Some things are just plain unforgivable. Everyone knows this and it’s hardly debatable. But the primary reason I hear for this truism from those participating in my prison classes might interest you:
“Unforgivable things can’t be forgiven because that would make them ok.”
I hear this often. Recently, twice in the same week, class participants in two different prisons interrupted me with objections to forgiveness based on the premise that forgiveness means that the awful thing or person we propose to forgive must not be so awful after all.
Child sexual abuse is always — and I mean “always” — top of the list of awful things prison inmates consider unforgivable.
So I show a video in which a woman who was sexually molested by her uncle for three years when she was a child says that she has now forgiven her uncle. Comments? Most of them can’t be reproduced here because it would require too many deleted expletives.
So I engage those who object the strongest: “Do you hear her saying that being raped as a 7-year old by her uncle was ok?” Well, no. “Did you not hear her say how traumatizing it was?” Well, yes. “Did you not hear her say that by not forgiving her uncle she was giving him power over her, and that that was unacceptable?” Well, yes.
How is it that forgiving, in the minds of many people, requires them to revise their opinion that the very awful and painful harm that someone did to them isn’t so awful after all? That the act of forgiveness requires them to accept as ok what truly might have been a despicably evil deed?
For some, unforgiveness seems like a reasonable and justifiable defense mechanism — a way of protecting oneself from further harm. Thus, even if forgiveness is an internal decision that isn’t communicated to the person who did the harm, it still is dangerous because it means that I will inevitably open myself to future harm.
For others, forgiving a serious harm is unthinkable because it would require them to address the anger within them they have allowed to go unresolved for such a long time. It is easier to stay focused on the bad thing someone else did than to look within myself and ask what kind of person I have become because of my own anger and bitterness. If we can make what someone else did the issue then we don’t have to face the uneasy question of whether I have now become the issue.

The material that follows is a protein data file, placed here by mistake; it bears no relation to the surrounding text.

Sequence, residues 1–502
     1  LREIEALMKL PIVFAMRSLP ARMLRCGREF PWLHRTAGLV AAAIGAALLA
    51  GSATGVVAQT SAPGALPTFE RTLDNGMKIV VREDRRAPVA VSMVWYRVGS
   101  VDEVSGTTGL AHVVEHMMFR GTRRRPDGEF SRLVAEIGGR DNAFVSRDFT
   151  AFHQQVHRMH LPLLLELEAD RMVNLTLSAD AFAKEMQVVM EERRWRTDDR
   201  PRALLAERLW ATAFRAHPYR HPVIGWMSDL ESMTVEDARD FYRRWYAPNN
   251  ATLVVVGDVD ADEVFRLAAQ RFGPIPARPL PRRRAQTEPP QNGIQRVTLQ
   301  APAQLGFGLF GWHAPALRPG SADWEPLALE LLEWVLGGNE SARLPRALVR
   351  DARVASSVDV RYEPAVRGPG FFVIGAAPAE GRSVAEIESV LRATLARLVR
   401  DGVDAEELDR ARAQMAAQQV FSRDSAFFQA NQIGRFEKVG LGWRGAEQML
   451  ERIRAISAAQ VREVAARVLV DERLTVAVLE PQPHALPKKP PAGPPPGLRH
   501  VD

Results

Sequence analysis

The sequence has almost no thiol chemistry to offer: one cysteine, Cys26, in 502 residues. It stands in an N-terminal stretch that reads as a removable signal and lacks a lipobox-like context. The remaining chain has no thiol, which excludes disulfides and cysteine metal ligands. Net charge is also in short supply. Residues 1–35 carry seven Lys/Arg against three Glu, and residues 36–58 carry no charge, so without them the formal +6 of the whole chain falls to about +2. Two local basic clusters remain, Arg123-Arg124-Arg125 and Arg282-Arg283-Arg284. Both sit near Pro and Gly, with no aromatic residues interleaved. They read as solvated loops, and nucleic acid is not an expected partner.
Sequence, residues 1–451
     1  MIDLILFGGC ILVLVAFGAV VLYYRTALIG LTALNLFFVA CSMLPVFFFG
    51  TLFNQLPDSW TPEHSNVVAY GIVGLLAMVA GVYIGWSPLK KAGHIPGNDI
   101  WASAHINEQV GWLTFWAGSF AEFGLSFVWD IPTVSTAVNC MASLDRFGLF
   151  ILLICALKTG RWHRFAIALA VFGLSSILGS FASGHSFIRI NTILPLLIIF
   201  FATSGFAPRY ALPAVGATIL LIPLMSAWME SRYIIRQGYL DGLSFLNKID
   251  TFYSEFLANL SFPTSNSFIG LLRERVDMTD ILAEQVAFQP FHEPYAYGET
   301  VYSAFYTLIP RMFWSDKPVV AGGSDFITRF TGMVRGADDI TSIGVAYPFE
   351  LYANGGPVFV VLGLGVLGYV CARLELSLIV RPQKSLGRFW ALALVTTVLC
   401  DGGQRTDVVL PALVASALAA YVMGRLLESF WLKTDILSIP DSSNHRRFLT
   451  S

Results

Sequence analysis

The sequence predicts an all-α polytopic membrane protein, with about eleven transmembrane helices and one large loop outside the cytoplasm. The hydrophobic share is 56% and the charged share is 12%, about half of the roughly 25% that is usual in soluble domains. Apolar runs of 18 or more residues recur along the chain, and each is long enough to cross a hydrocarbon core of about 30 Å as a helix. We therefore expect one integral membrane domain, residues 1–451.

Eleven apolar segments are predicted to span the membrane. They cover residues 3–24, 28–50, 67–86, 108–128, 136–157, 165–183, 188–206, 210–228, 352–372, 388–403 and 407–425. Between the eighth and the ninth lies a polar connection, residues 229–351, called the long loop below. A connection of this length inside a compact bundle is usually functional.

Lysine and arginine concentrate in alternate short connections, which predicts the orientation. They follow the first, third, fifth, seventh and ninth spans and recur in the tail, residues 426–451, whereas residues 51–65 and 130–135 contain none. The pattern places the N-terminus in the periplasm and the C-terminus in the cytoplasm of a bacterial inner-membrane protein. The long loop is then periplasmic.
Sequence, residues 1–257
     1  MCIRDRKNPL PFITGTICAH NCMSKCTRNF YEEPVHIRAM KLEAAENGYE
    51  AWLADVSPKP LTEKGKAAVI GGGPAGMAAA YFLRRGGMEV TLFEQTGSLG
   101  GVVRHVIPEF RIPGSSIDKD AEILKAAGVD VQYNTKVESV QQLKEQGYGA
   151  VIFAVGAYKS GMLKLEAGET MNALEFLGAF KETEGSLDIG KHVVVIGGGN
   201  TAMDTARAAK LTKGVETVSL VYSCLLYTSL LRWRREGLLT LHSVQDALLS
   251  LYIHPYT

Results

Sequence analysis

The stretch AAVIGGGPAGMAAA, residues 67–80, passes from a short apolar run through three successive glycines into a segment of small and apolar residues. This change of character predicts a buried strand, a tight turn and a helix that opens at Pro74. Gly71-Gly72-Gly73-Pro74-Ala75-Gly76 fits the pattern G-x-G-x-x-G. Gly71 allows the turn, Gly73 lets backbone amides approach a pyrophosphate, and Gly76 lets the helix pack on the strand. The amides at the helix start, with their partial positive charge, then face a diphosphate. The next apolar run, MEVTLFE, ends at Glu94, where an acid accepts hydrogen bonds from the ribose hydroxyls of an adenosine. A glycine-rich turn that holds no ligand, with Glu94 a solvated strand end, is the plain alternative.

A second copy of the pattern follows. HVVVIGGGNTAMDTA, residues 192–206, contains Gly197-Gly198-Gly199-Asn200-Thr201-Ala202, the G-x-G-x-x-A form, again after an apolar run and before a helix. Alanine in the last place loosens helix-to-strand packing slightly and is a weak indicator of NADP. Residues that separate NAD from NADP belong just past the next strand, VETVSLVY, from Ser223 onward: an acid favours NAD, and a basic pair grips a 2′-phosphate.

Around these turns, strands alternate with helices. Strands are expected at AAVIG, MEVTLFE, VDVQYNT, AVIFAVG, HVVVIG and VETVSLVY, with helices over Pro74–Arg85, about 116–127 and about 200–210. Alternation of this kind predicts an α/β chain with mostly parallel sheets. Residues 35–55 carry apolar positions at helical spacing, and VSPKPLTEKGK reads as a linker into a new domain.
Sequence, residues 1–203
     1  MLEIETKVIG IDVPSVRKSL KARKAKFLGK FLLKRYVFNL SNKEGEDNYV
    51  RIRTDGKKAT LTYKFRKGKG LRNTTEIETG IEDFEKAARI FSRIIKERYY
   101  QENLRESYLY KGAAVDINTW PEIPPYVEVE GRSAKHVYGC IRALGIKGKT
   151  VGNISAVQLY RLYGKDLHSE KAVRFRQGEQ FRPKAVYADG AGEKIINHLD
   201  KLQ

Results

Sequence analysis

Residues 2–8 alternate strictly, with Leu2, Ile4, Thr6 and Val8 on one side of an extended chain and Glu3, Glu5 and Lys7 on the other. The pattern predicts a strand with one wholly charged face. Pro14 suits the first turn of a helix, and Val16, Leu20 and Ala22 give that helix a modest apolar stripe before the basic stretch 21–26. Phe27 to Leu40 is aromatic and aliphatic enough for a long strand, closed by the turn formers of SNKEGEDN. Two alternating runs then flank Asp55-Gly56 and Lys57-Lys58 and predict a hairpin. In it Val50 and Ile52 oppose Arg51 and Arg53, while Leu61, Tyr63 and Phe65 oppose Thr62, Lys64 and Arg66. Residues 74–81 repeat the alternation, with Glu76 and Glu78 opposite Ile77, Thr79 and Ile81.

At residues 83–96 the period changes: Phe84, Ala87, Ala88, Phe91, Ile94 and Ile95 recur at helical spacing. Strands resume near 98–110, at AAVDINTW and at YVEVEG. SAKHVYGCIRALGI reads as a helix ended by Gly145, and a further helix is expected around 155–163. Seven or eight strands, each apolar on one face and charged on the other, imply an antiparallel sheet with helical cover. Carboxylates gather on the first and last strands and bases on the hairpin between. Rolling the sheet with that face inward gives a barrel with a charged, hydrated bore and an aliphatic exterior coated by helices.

Forgiveness has probably been presented in many settings as a moral or spiritual obligation that one does unconditionally because God requires it. Under those rules, forgiveness can become a decision that is disconnected from the necessary process of finding healing for our pain, resolution of our anger and an end to our resentment. Any act we do because it is a moral or spiritual ‘ought’ that does not also acknowledge and legitimize our pain, anger and resentment is unhealthy and improper. Too many people see forgiveness, however, as just that kind of act. It isn’t.
There is surely a legitimate question about the message we are sending when we forgive someone for a despicable thing they did. Many worry that the message this sends is, one, that the despicable thing is ok or, two, that permission is thereby granted to the person to do that despicable thing again.
As to the first question, forgiveness, by its nature, is reserved for serious wrongdoing. No one forgives a person for something he has done that is benign or good. The decision to forgive necessarily includes a judgment that wrongdoing took place. Forgiveness never requires us to change our mind about that.
On the second question, I suppose it is possible a person who receives forgiveness could take that as permission to repeat the wrongdoing. Holocaust survivors have long argued that the extermination of six million Jews is unforgivable. A reason often cited is that the refusal to forgive is crucial in communicating the collective judgment of humanity that genocide is unacceptable. Forgiving, it is argued, creates just enough ambiguity to embolden a repeat performance or provide incentive for another observer to do the same.
I have serious doubts that this is true. As I see it, forgiveness is far less likely to embolden repeat offenses than the fact that the offender faces no consequences for his action. Forgiveness neither excuses wrongdoing nor removes the possibility of serious or painful consequences. Repeat offenders are not deterred by unforgiveness nor are they granted permission by being forgiven. Repeated wrongdoing, especially when it comes to criminal behavior, is informed by a different calculus that involves a determination that the risk is ultimately worth it. It may be informed, as well, by deep wounds related to trauma. But that is another blog.